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The tingliness.  The spaced out feeling.  Talking like I’m drunk.  Slurring.  Stammering.  Misplacing words, thoughts, ideas – in the middle of conversations.  The dizziness, forgetting what I’m doing.   Most of the time I can laugh at it.  It is pretty funny. Why not laugh at something that brings a little silliness to the rest of your life?

But, I don’t like seeming unintelligent, like I’m drunk, or like I’m stoned in front of new people.  I guess I struggle with this part of fibro fog the most, because I had a terrible self-esteem growing up and being called “stupid”, “idiot”, “retard”, and “worthless”   were common occurrences in my life.  I never realized that I was truly intelligent and had good thoughts and opinions until into my 30’s.

Wanting to find a little solace, kind of like when I needed to label what was wrong with me with this fibro thing – knowing it wasn’t all in my head, I wanted to get some answers.  Knowing the whats, whys, and hows,  help me to feel validated and help me to understand things better, even if I don’t know  how to fix it.  So – in my pursuit of how and why, I looked up about what exactly the deal is with this fibro fog.  Here’s what I found.

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What is Fibro Fog?

I describe it as wonkiness. Feeling like things are just off kilter and you can’t get it back to right.  Feeling like you’re in a dream-like-state, or moving in slow motion.  Unable to think or concentrate clearly, especially when there are other distractions such as noise, talking – sometimes even smells, or sights.  Remembering specific things is sporadic and sometimes not correct. And multi-tasking to be efficient? Psshht… forget it! The medical gurus  mumbo jumbo describes it as…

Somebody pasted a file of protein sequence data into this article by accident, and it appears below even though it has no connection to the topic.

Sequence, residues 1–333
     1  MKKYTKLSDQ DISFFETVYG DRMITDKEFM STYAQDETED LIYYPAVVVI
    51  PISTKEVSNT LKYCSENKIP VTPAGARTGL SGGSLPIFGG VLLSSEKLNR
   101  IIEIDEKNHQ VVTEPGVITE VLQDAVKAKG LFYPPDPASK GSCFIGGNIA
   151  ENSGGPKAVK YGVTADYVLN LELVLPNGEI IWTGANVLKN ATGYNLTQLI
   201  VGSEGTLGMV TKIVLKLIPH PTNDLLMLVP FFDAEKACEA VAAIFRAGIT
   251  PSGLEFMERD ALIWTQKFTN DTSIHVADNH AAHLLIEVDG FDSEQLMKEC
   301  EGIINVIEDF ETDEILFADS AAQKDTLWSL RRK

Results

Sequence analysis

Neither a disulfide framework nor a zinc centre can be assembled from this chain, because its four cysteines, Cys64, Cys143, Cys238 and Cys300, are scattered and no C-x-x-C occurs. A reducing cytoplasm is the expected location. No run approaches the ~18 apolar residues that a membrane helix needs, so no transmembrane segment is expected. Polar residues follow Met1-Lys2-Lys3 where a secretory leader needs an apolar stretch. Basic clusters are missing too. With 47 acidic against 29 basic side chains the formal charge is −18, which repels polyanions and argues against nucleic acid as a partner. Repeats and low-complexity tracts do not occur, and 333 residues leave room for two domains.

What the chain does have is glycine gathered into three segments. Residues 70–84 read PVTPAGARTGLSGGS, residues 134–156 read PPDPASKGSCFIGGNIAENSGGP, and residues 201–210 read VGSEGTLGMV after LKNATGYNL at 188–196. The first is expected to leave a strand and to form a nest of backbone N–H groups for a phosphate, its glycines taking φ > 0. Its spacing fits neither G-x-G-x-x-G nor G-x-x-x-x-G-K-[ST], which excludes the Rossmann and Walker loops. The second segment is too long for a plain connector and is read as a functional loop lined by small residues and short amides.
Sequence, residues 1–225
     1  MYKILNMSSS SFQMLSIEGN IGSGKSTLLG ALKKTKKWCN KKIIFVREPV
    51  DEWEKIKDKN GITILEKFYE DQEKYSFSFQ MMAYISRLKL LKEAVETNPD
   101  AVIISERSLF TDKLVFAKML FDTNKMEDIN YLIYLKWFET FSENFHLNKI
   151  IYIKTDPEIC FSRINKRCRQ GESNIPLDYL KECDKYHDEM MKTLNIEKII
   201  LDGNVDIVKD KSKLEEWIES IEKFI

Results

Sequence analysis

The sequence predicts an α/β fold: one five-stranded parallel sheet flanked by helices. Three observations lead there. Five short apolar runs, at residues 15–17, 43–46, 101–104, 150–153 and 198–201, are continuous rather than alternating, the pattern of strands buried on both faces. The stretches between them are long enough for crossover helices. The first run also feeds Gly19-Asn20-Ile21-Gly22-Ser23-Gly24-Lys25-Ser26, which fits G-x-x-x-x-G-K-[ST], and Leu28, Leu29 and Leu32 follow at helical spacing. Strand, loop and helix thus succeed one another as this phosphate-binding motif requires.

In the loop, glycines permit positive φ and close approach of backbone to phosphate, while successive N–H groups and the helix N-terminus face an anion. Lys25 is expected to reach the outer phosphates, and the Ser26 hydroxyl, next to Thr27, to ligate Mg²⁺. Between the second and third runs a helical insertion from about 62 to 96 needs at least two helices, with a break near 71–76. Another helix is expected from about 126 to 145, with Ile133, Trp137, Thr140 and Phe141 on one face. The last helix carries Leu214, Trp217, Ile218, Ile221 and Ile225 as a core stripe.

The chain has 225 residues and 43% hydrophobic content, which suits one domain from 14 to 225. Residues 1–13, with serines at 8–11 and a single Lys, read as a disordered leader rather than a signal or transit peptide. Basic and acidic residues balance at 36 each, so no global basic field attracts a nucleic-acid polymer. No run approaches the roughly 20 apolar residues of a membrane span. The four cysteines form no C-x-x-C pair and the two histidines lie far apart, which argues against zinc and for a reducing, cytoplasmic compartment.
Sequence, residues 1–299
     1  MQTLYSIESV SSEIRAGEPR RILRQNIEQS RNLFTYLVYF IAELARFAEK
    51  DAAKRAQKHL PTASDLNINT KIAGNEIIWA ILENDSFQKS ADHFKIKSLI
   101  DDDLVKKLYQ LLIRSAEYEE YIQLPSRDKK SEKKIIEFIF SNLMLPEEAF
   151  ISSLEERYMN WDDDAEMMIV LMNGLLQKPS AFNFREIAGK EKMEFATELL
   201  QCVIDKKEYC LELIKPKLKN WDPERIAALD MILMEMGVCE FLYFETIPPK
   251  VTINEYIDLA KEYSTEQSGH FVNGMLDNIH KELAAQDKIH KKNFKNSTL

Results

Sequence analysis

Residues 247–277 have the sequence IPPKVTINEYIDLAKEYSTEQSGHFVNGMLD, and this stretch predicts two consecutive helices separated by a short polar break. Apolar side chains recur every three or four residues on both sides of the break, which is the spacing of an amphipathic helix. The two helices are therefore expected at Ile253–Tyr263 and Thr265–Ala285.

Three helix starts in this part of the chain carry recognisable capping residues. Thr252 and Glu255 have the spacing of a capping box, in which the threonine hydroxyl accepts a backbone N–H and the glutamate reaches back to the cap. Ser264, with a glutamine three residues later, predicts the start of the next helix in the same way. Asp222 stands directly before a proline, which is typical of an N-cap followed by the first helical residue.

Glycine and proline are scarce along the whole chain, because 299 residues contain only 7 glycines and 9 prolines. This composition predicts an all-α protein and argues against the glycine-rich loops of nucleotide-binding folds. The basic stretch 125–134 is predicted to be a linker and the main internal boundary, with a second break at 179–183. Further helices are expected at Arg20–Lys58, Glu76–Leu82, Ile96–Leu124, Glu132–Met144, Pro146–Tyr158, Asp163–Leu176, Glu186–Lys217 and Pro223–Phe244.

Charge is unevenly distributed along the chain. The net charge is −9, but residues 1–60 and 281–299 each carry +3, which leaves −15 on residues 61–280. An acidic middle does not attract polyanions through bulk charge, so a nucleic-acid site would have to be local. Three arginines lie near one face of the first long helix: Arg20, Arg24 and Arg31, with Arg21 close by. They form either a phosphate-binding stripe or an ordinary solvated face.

Otherwise known as cognitive dysfunction or brain fog, fibro fog is a term used to describe the general confusion and cloudy-mindedness that comes along with the condition.  This is a very common symptom amongst fibro suffers and can be especially disconcerting for those who had previously experienced life with a very clear mind. The foggy feeling within the mind is enough to cause anxiety on it’s own, which only increases associated difficulties.  This can become an uncomfortable and vicious cycle, so working on lessening the occurrence of flare ups is important for a Fibromyalgia sufferer’s mental and emotional well-being.   (1)

Okay, that’s the what. Now on to the why.

Why do I get fibro Fog?

According to the research that has been done on this newly diagnosed phenomenon, there are possibly several contributing factors to the cognitive abnormalities that commonly take place in fibro sufferers.

  • Mind clouding medications
  • inability to reach a restful sleep
  • pain
  • lack of natural hormones and chemicals
  • the depression that often comes with or is caused by FMS
  • and decreased blood flow

Research has proven that those with Fibromyalgia very commonly suffer from cognitive dysfunction and that sufferers annually lose more than three times as much “gray matter” brain tissue than healthy, age-matched controls. And some of that loss occurs in areas of the brain that are involved in memory and concentration, says Patrick Wood, MD, a senior medical adviser to the NFA and one of the coauthors of the 2007 study.  (2)

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When fibro fog is acting up, you know it, especially if you were a clear minded, fast thinking, easily understanding, multi-tasking individual before you got Fibromyalgia.  You’ll be in an in-depth conversation that you’re entirely interested in, and suddenly completely forget what the topic was, much less what you were in the middle of saying.  This can be frustrating for both you and those you’re involved in conversation with. Some other examples would be often forgetting what you were saying,  thinking or needed to do, an inability to come up with the proper words to describe feelings or a situation (etc), difficulty writing, stuttering and difficulty understanding and retaining information.  Bouts of dyslexia or word omission may also occur.  These symptoms may also be accompanied by extreme sleepiness and fatigue. And also may include tingling in your head, scalp, neck or all three.